Programme Updates Cont’d. Promote and support volunteers and development workers to critically engage in volunteering and action for development. Comhlámh supported or organised tailored pre-departure training for 400 volunteers from several of the VSAs. As part of our work to support VSAs, ten personnel attended a training of trainers course to support them put in place post-return services for their volunteers. Comhlámh continues to manage the Volunteer Development Worker (VDW) and Public Service Pension Scheme (PSPS), processing 191 applications in total. Comhlámh commenced an engagement with Student Universal Support Ireland (SUSI) to ensure volunteers are not disadvantaged in accessing higher level education grants by virtue of their time volunteering. The 8th edition of the popular ‘Coming Home Guide’ was produced with 400 copies disseminated through VSAs. Comhlámh continued to organise referrals for returned volunteers and development workers for counselling, debriefing, and careers advice. Agreements for these services were renewed with agencies including the UNV, the Rapid Response Corps and VSO Ireland. Comhlámh staff have undertaken a small number of debriefing sessions for those volunteers unable to afford these services. Comhlámh organised a number of “Coming Home Weekends” for longer term volunteers and development workers and “Moving Forward” days for shorter term placements. Comhlámh ran a series of courses to train and build the capacity of returnees to remain involved in global justice issues, following an overseas placement: the Skills in Development Education course (10 weeks), the Trade Justice course (6 weeks) and the What Next course (residential weekend plus two follow-up days). Comhlámh also revamped the content of the ‘Be the Change’ programme and ran this for students in conjunction with UCD Volunteers Overseas (UCDVO). A series of First Wednesday Debates #FirstWeds were held through the year touching on themes resonating from within discussions in membership. Themes covered included Trade, Palestine/ Israel, EU-USA trade agreement - TTIP, Mining, and Gender Based Violence. These are held in the Twisted Pepper and have connected Comhlámh to new membership and new networks.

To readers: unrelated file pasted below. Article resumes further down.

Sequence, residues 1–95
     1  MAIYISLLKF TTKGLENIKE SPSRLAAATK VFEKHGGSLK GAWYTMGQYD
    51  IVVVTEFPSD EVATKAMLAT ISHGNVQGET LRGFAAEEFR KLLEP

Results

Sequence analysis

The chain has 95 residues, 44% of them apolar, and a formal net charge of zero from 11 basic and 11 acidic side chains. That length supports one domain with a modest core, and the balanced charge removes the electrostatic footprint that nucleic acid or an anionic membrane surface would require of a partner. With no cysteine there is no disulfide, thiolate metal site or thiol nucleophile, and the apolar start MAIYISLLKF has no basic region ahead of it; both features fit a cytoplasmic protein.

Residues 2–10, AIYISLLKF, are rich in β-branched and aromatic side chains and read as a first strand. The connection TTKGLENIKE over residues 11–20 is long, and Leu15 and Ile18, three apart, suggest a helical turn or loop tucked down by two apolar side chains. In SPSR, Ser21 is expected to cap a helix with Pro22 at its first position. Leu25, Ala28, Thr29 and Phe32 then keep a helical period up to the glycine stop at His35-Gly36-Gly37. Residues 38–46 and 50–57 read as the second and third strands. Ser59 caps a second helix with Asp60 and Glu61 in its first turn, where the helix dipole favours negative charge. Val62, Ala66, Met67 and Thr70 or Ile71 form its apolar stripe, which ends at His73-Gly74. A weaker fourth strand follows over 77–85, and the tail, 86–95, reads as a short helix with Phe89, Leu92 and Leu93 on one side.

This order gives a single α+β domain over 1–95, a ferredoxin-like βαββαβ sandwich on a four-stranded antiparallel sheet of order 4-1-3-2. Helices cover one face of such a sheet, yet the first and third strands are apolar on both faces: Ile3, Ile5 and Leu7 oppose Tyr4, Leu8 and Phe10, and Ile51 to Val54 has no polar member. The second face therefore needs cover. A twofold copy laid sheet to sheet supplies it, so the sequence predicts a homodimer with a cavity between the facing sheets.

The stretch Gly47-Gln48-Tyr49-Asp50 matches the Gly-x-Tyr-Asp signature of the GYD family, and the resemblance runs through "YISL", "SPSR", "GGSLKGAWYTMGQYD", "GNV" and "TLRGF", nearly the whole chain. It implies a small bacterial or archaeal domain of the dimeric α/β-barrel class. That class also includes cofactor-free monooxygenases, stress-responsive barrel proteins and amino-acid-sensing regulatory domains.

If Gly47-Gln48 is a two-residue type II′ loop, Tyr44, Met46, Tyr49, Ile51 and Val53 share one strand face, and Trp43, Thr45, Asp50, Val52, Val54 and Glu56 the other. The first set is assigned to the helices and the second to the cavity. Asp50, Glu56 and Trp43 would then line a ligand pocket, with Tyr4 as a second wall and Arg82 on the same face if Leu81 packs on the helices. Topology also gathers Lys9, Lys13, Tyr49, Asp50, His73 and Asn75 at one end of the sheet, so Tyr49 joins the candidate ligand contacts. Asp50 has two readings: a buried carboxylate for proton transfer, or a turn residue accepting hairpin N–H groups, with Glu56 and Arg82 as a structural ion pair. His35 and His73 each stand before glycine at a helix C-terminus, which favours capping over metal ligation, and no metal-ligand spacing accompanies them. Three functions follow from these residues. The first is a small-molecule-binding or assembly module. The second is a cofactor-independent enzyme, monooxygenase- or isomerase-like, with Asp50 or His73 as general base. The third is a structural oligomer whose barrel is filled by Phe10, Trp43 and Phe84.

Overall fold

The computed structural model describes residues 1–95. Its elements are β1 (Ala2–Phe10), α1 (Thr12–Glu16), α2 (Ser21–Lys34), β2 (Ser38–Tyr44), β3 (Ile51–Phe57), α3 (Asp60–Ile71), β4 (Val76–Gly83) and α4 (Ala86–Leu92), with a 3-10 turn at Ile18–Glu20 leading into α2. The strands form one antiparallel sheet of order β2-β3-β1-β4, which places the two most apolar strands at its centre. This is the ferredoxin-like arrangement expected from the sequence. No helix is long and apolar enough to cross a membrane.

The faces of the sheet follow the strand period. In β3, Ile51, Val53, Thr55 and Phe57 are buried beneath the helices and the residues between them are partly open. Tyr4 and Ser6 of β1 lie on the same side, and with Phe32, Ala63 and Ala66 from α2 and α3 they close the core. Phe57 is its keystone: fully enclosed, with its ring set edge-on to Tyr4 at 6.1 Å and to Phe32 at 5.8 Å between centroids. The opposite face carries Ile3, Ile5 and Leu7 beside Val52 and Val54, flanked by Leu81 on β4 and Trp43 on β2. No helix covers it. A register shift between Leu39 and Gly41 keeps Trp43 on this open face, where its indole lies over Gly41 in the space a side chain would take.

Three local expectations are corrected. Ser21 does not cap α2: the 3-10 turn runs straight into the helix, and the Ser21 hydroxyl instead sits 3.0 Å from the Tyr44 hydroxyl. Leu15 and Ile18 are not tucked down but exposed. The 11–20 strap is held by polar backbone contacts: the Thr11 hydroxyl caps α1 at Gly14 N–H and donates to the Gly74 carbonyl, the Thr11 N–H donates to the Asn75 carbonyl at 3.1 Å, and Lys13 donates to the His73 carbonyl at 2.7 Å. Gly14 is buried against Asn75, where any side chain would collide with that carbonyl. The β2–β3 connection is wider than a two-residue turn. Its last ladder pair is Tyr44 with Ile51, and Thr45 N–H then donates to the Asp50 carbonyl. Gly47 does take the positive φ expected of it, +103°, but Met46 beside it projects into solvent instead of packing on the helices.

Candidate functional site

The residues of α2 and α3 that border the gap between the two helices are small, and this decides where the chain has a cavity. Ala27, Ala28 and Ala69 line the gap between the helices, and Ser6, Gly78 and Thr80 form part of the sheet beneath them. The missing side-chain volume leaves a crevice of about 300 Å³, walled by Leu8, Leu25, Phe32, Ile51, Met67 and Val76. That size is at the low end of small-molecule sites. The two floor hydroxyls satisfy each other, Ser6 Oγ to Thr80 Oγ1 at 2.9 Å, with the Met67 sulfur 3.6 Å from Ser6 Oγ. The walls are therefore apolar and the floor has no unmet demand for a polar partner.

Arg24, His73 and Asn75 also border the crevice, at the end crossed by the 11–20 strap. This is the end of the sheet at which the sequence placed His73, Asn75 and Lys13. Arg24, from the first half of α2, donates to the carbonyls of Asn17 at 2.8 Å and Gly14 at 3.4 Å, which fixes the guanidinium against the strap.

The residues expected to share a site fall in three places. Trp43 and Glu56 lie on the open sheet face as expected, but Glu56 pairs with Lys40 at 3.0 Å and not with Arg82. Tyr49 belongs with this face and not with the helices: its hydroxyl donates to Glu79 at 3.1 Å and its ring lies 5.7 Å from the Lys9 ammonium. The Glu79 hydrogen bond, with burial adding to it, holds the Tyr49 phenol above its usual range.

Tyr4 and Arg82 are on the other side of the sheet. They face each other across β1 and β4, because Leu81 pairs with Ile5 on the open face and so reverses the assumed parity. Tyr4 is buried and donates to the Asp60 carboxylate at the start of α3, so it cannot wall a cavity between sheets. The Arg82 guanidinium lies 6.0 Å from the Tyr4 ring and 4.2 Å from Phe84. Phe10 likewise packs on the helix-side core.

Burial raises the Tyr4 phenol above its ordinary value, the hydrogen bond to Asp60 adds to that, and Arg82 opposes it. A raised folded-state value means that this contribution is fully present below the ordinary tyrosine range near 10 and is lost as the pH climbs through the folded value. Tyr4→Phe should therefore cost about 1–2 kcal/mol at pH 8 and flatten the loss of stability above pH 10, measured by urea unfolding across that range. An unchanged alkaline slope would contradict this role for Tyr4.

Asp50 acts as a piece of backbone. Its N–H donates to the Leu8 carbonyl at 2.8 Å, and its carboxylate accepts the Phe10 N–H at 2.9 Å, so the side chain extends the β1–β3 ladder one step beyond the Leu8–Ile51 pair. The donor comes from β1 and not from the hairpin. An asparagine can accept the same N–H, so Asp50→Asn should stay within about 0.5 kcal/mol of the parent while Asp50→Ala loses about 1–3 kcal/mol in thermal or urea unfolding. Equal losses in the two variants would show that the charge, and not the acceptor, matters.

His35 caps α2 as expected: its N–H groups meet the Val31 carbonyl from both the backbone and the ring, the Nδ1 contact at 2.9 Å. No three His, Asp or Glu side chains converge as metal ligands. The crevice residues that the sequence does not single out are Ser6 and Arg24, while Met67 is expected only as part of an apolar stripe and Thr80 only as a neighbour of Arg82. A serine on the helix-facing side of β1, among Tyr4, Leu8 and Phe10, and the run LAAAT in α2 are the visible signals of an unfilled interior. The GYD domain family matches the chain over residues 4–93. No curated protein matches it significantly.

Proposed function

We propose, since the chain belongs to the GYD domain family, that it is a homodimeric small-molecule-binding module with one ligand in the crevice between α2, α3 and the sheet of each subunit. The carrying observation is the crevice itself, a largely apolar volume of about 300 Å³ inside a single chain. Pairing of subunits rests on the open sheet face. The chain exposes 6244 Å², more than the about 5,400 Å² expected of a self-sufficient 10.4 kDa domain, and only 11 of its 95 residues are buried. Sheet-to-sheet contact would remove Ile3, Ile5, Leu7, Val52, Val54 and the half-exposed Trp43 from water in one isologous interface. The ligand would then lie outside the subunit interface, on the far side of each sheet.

UCDVO show their mass support for the #VolunteerCharter campaign at a pre-departure training.